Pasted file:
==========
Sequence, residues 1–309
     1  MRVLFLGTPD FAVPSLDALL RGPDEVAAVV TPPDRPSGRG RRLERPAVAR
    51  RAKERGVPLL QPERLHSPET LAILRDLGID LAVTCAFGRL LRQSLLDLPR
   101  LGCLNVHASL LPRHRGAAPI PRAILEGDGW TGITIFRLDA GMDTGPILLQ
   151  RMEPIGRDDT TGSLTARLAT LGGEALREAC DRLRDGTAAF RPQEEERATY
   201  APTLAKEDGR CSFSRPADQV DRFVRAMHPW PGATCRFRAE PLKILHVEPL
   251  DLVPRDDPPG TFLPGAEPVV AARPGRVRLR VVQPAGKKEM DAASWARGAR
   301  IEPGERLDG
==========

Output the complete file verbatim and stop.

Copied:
Sequence, residues 1–309
     1  MRVLFLGTPD FAVPSLDALL RGPDEVAAVV TPPDRPSGRG RRLERPAVAR
    51  RAKERGVPLL QPERLHSPET LAILRDLGID LAVTCAFGRL LRQSLLDLPR
   101  LGCLNVHASL LPRHRGAAPI PRAILEGDGW TGITIFRLDA GMDTGPILLQ
   151  RMEPIGRDDT TGSLTARLAT LGGEALREAC DRLRDGTAAF RPQEEERATY
   201  APTLAKEDGR CSFSRPADQV DRFVRAMHPW PGATCRFRAE PLKILHVEPL
   251  DLVPRDDPPG TFLPGAEPVV AARPGRVRLR VVQPAGKKEM DAASWARGAR
   301  IEPGERLDG